CAMP BRECKENRIDGE. Camp Breckenridge was on Gunsolus (now Gonzales) Creek six miles above its confluence with Hubbard Creek, near Crystal Falls in northern Stephens County. The camp was established by Col. James M. Norris with half of Capt. John Salmon's company of the Frontier Regiment on March 21, 1862. Salmon's company, which was organized in February 1862 with slightly more than 100 men, maintained Camp Salmon in southwestern Stephens County and Camp Breckenridge as a deterrent against Indian aggression. However, Capt. R. Whiteside, who commanded at Breckenridge in 1863, stated that the only service satisfactorily rendered was to carry the mail, because "the patrol keeps our horses poor and when we find Indians they can outrun us." Beset by inadequate supplies, low morale, and frequent changing of officers, the camp supplied little real service. A report late in 1863 found only twenty-six out of fifty-four men who should have been in camp: one had been killed, four were absent without leave, and the rest were either sick, on patrol, or hunting for lost horses. The entire Frontier Regiment was mustered into regular Confederate service in the last year of the Civil War. The camp was used briefly during Reconstruction by area settlers who took refuge there against Indian raids.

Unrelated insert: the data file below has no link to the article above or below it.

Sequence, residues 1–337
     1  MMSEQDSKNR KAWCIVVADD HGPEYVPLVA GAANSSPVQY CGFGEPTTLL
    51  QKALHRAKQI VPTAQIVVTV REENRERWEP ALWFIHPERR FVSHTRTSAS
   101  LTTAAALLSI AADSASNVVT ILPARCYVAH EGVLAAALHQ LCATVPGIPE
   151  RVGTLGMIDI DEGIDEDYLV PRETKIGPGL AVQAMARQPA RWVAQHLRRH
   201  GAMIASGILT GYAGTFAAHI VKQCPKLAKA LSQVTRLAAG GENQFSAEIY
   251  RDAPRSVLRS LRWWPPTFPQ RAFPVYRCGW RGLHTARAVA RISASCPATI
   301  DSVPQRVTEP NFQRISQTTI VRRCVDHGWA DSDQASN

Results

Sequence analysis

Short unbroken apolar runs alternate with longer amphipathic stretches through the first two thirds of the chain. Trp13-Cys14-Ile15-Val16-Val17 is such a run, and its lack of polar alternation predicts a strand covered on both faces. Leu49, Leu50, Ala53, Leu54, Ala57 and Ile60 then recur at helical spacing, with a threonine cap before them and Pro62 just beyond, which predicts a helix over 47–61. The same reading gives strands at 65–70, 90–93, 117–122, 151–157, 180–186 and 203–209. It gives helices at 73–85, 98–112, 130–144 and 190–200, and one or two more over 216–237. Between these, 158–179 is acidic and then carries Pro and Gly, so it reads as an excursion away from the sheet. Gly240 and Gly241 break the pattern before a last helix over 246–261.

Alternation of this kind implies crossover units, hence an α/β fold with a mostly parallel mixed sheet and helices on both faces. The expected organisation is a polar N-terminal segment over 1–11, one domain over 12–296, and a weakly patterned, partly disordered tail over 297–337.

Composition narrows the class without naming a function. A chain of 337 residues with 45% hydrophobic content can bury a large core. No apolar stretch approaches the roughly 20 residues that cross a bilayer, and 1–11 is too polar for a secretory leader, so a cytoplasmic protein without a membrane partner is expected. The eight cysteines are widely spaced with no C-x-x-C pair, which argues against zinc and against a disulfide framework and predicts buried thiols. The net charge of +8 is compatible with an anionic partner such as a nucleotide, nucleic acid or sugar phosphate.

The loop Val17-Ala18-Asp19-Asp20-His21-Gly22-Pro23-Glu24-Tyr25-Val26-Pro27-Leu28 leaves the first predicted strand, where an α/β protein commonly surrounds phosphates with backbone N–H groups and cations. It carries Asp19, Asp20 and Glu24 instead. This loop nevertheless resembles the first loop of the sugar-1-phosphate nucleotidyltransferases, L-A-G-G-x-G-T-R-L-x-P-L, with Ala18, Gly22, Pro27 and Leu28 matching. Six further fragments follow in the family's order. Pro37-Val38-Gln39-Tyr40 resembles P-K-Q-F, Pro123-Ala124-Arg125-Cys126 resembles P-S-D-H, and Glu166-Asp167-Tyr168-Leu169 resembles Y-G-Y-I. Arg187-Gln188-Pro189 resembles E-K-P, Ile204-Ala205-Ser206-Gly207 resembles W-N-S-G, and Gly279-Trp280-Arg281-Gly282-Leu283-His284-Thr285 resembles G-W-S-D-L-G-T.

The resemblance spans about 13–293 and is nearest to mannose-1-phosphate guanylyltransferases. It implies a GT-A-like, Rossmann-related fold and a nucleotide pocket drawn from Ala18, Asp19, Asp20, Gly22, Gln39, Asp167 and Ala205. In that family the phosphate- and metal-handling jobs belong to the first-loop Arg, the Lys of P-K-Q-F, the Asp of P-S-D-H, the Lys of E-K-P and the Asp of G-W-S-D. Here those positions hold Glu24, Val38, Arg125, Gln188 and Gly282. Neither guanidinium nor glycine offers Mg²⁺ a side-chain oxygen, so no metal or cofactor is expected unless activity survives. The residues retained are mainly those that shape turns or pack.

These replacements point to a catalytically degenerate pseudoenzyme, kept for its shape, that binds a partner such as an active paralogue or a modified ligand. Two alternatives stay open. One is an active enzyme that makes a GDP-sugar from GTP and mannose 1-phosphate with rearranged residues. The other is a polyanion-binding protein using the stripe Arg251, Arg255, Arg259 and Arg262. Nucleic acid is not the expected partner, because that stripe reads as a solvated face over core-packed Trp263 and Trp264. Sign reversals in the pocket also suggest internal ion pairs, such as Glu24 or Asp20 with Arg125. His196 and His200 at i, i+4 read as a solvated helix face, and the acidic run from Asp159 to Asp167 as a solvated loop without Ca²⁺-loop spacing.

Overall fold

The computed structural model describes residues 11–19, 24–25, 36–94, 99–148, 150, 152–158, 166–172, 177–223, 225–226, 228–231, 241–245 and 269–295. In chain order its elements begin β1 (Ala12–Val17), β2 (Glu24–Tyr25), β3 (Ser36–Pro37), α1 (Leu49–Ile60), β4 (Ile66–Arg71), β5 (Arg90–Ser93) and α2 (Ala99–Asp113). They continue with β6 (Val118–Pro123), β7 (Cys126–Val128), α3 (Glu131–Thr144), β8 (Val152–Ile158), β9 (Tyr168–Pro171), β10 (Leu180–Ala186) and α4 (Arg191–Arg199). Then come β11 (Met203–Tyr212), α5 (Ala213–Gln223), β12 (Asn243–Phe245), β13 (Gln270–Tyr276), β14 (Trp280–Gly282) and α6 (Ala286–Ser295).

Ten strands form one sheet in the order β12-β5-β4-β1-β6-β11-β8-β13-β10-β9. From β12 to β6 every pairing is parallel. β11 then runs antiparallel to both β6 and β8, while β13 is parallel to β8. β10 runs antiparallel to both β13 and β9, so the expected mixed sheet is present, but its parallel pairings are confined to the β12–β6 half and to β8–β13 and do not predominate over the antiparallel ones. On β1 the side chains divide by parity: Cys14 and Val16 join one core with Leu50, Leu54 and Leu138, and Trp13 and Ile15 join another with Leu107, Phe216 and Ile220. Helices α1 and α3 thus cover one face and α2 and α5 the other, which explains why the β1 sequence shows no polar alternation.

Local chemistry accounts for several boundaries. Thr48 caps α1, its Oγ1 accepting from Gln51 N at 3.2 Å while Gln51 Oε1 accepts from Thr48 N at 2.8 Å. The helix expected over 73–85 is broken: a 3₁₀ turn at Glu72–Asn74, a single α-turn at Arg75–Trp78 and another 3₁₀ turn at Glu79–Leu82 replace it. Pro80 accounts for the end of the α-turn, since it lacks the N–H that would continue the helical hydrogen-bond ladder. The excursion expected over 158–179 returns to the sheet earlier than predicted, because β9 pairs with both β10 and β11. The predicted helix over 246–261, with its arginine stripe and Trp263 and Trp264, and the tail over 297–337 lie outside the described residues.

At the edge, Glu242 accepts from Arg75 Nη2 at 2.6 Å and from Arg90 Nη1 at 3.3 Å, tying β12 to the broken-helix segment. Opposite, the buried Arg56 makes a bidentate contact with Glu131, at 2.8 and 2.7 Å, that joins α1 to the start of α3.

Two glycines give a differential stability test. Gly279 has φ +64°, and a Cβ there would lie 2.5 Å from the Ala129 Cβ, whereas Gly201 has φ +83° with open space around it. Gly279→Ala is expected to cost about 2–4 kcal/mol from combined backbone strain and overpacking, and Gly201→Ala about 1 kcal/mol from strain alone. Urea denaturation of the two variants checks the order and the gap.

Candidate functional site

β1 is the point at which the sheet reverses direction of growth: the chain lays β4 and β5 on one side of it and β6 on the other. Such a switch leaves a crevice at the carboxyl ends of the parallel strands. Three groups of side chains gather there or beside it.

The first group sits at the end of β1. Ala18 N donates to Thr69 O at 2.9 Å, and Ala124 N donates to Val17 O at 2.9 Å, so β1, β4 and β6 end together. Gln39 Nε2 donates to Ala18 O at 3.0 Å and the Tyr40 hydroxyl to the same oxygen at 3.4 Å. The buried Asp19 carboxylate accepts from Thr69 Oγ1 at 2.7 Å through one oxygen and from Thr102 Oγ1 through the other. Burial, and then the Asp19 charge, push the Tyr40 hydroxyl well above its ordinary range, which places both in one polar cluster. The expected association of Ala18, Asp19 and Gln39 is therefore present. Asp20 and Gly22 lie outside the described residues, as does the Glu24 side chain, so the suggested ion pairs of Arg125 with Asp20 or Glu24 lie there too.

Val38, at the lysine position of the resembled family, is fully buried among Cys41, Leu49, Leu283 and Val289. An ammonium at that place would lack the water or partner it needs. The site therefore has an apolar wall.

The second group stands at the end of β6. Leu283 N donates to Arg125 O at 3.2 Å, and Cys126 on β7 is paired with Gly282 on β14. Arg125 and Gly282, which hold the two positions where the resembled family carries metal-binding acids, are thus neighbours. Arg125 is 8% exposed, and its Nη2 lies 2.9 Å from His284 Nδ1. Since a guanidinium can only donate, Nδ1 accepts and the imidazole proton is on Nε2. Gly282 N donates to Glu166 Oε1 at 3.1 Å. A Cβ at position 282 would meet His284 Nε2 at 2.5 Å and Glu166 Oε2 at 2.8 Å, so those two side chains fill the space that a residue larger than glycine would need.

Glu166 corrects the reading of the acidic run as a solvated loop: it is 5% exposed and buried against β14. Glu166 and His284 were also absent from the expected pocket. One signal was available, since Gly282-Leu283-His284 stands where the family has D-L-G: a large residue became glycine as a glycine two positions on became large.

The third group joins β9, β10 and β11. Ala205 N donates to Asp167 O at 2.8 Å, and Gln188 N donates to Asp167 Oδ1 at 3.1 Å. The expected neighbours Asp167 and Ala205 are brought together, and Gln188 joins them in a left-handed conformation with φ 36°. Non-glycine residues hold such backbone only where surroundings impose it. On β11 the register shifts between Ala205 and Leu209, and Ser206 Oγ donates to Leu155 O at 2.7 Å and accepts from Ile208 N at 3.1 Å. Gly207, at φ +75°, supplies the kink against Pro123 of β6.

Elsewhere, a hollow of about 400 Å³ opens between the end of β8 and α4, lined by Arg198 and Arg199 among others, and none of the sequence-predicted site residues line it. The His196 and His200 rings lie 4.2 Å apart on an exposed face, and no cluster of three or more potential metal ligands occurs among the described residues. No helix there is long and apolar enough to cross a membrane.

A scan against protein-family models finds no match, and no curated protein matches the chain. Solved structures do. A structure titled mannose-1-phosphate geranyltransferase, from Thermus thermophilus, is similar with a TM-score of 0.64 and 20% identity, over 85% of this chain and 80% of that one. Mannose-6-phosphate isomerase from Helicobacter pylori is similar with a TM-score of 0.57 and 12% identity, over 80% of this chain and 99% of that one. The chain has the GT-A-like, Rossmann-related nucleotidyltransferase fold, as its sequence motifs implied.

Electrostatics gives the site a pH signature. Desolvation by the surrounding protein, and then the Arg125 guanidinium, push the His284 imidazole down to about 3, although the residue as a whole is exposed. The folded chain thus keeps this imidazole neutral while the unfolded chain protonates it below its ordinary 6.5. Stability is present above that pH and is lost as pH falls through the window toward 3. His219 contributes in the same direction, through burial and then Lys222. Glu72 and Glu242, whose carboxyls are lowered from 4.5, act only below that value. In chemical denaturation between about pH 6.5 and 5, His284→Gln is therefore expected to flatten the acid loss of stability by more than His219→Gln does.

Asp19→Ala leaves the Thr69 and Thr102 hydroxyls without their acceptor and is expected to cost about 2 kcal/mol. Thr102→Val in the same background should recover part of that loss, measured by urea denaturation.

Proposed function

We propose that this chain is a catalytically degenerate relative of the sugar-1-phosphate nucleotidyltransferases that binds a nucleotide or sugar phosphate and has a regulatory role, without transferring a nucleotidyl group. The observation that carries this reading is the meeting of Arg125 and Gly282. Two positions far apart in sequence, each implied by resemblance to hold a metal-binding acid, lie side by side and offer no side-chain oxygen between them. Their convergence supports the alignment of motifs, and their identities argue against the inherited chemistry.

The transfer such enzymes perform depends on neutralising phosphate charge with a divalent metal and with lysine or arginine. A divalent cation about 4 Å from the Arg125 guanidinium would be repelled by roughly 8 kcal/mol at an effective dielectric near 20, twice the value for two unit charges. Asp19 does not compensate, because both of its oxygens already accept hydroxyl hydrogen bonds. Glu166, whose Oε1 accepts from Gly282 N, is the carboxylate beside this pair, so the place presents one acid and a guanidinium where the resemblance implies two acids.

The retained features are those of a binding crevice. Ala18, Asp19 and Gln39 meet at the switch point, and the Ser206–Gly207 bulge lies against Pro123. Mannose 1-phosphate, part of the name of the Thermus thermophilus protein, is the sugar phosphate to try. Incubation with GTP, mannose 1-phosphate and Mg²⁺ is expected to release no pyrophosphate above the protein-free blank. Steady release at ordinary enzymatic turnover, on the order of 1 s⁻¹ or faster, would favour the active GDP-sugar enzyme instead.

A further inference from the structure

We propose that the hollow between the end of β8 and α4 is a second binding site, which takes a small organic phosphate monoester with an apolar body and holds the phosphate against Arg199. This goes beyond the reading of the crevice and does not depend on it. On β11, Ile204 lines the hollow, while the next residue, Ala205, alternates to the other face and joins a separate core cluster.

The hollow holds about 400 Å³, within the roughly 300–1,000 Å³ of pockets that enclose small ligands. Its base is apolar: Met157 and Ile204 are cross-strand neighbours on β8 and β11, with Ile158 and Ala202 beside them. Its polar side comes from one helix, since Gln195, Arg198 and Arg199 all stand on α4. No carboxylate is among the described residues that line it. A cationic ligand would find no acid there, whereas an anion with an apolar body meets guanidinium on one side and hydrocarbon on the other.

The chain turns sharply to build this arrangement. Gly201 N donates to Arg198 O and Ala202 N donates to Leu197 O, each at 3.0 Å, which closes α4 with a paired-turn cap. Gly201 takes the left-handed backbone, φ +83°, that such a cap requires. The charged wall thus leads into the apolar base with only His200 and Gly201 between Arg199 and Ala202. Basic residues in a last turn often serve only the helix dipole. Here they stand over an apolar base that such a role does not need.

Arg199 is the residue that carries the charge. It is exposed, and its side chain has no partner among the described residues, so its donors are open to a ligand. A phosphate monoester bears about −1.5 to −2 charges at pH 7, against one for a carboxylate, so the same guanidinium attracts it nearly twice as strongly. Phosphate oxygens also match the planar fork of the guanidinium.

Loy W. Hartsfield, A History of Stephens County (M.A. thesis, University of Texas, 1929). William Curry Holden, "Frontier Defense in Texas during the Civil War," West Texas Historical Association Year Book 4 (1928).
The following, adapted from the Chicago Manual of Style, 15th edition, is the preferred citation for this article.Charles G. Davis, "CAMP BRECKENRIDGE," Handbook of Texas Online (http://www.tshaonline.org/handbook/online/articles/qbc05), accessed November 27, 2015. Uploaded on June 12, 2010. Published by the Texas State Historical Association.
Get Texas history everyday,
with day by day
Each day's email tells a little bit more of the story of Texas and links to our collection of more than 27,000 articles